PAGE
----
Coronavirus Outbreak: Do I Need to Worry?

Coronavirus Outbreak: Do I Need to Worry?

Many people are reaching out to me to ask about the coronavirus (COVID-19) outbreak in China. Maybe the news stories have you worried. Perhaps you’re unsure if you should be concerned at all.

The answer is that it’s still early in the assessment of the outbreak to give definitive answers to many specific questions. In a January 31 press briefing, CDC director and member of the President’s Coronavirus Task Force Robert Redfield stated, “There are a lot of unknowns. Obviously, almost every other day, we’re learning something we didn’t the day before about this. And we’ll continue to do that.”1

What’s Happening?

In December 2019, individuals in Wuhan City, Hubei Province, China became ill with respiratory infections resulting in cases of atypical pneumonia. The cause of these infections has been identified as a novel coronavirus (2019-nCoV). For subsequent identification of cases to be associated with 2019-nCoV infection they must meet three clinical criteria (or two clinical criteria and one epidemiological criterion) set by the Chinese Center for Disease Control:2

  • Clinical criteria: fever; radiographic evidence of pneumonia or acute respiratory distress syndrome; and low or normal white blood cell count or low lymphocyte count.
  • Epidemiological criteria: living in Wuhan or travel history to Wuhan within 14 days before symptom onset; contact with patients with fever and symptoms of respiratory infection within 14 days before symptom onset; and a link to any confirmed cases or clusters of suspected cases.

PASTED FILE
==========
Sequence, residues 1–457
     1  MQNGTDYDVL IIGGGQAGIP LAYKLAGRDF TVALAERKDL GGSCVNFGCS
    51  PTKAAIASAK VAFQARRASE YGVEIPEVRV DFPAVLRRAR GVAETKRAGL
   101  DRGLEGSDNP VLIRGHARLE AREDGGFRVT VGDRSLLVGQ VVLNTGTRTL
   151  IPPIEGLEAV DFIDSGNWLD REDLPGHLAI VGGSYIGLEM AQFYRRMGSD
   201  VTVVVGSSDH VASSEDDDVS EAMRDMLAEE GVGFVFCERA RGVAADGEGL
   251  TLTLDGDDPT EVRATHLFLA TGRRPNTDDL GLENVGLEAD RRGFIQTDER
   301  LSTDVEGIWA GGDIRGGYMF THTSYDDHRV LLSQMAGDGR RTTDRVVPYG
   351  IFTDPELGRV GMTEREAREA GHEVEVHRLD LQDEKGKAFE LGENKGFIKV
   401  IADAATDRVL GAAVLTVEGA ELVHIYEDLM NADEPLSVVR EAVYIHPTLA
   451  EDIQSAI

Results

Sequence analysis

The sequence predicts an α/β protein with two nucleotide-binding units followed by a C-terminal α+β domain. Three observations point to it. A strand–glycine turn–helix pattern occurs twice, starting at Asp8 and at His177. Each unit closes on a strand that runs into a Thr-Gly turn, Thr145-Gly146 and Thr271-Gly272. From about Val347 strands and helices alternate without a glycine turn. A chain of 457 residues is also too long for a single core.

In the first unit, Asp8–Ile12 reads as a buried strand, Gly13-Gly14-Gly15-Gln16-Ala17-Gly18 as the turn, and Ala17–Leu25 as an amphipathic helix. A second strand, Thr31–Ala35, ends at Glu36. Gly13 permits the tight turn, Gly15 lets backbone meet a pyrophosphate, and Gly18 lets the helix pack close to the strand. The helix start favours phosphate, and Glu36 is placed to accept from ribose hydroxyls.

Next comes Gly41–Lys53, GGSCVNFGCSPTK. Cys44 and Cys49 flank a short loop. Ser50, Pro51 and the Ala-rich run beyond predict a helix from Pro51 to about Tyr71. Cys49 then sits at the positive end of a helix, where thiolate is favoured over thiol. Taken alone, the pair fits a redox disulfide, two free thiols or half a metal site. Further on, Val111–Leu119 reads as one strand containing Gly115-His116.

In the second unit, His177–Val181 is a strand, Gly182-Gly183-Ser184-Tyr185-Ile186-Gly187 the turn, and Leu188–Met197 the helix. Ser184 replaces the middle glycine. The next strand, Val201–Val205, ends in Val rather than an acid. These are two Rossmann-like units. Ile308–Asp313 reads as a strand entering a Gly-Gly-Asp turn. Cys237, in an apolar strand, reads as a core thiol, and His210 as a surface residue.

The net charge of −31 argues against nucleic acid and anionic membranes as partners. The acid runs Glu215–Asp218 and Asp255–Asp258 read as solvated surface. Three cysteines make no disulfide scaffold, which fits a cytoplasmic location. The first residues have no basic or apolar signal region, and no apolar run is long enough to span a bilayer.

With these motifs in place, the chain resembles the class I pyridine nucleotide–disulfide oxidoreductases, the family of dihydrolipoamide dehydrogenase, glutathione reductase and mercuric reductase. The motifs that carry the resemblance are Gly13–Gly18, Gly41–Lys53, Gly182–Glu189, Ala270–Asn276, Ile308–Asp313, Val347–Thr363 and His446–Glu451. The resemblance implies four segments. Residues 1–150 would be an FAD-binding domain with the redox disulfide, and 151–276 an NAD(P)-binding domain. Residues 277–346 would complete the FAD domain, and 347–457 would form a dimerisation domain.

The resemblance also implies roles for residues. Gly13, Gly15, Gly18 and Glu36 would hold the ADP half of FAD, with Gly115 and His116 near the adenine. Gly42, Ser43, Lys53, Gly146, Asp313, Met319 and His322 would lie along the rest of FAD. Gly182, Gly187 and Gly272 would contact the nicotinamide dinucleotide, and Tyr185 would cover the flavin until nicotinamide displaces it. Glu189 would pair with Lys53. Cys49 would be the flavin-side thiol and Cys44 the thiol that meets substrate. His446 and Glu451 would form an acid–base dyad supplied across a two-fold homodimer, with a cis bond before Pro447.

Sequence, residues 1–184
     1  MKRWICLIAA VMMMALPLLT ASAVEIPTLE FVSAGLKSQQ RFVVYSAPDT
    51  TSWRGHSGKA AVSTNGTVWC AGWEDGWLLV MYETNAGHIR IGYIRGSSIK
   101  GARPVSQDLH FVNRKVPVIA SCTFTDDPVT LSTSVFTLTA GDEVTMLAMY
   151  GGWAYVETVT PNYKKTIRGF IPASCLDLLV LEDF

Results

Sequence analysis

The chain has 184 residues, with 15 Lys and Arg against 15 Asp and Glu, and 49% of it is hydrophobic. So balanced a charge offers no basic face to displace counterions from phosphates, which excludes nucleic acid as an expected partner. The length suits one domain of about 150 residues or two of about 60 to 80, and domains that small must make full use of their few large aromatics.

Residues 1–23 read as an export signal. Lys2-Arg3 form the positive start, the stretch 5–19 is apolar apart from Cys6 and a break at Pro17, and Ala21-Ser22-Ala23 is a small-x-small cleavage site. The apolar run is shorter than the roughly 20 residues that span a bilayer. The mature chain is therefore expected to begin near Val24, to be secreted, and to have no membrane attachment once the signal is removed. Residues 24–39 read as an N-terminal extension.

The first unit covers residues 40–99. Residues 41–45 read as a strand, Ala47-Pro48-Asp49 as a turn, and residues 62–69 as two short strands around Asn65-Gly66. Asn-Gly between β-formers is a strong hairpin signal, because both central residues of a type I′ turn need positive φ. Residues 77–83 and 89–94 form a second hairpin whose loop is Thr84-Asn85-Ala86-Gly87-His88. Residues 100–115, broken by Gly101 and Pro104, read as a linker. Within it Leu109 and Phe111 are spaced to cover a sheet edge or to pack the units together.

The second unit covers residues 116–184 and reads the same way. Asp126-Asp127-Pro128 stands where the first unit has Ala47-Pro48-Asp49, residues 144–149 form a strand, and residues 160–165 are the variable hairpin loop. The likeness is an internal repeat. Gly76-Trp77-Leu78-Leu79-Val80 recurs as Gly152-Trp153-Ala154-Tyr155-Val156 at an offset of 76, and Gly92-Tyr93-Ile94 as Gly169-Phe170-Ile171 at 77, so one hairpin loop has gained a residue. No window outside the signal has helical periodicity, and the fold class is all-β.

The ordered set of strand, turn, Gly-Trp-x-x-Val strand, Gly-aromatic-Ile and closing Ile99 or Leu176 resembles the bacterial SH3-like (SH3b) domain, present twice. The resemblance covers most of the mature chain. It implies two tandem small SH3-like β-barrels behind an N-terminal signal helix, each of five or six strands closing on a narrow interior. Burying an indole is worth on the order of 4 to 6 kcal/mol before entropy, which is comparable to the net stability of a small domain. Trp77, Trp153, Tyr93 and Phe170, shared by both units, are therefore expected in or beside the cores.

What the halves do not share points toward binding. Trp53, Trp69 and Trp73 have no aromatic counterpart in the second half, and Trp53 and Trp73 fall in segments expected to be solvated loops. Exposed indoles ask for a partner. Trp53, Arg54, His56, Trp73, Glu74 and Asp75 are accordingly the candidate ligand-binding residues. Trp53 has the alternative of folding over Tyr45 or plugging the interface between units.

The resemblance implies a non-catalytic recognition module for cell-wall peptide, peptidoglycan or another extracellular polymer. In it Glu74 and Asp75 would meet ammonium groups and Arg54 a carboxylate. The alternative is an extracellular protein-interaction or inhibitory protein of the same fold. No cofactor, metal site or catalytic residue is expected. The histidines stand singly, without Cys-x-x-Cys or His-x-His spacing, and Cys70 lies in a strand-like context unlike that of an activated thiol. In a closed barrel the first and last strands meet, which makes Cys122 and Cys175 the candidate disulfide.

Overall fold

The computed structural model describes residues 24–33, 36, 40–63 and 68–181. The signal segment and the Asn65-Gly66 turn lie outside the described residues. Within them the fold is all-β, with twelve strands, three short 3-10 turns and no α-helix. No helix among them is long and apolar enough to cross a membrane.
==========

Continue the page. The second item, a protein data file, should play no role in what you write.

At this point, drawn from observations surrounding the 2019-nCoV outbreak and what we know about previous coronavirus outbreaks (SARS in 2003 and MERS in 2012), the virus likely entered the human population via contact with animals sold in markets in or near Wuhan City. Because the source has not been identified it is difficult to discern how many new cases in Hubei Province may be due to person-to-person spread or ongoing environmental exposures.

Dr. Redfield’s statements on January 31st included more details:3

“This is a serious health situation in China, but I want to emphasize that the risk to the American public currently is low. Our goal is do all we can do to keep it that way…As of today, there are nearly 9,700 cases in China, with more than 200 deaths. Additionally, currently there are another 23 countries that have confirmed, totally, 132 cases. This also includes 12 individuals who have been confirmed in six countries who did not travel to China. CDC has launched an aggressive public health response focused on early case recognition, isolation of those cases identified, and contact tracing around those individuals. This response is a layered response, which includes both targeted airport screening, as well as heightened education and awareness of the American healthcare community to be vigilant in ascertaining the possibility of recent travel to China when they are evaluating patients with upper respiratory tract infection.”

On January 30th, the World Health Organization (WHO) issued a Public Health Emergency of International Concern. This action was not based only on the numbers coming from China but also on confirmed secondary cases of person-to-person spread from infected individuals returning to their home countries. Moreover, reports indicate that person-to-person spread can occur even if the infected person is asymptomatic.

The number of cases is rising rapidly. The WHO situation report for February 11 indicates over 43,000 cases globally with ~2,560 new cases in the previous 24 hours. The death toll currently sits at 1017 (all but one death in China).

Now What?

This rapid increase in cases is a significant concern, but other observations help alleviate that concern. For example, researchers have not seen a high rate of transmission to health care workers, which suggests proper protective measures can help contain the spread and that human-to-human contact may not be at high transmission rates due to possible characteristics of the virus itself. Thus far, the mortality rate is less than that observed for SARS (~10% mortality rate) and MERS (~35% mortality rate) outbreaks (although it is still early in the outbreak and the epidemiology, morbidity, and mortality data is still evolving). As with MERS and SARS, the mortality rate in elderly individuals with comorbidities (simultaneous health conditions) may be much higher.4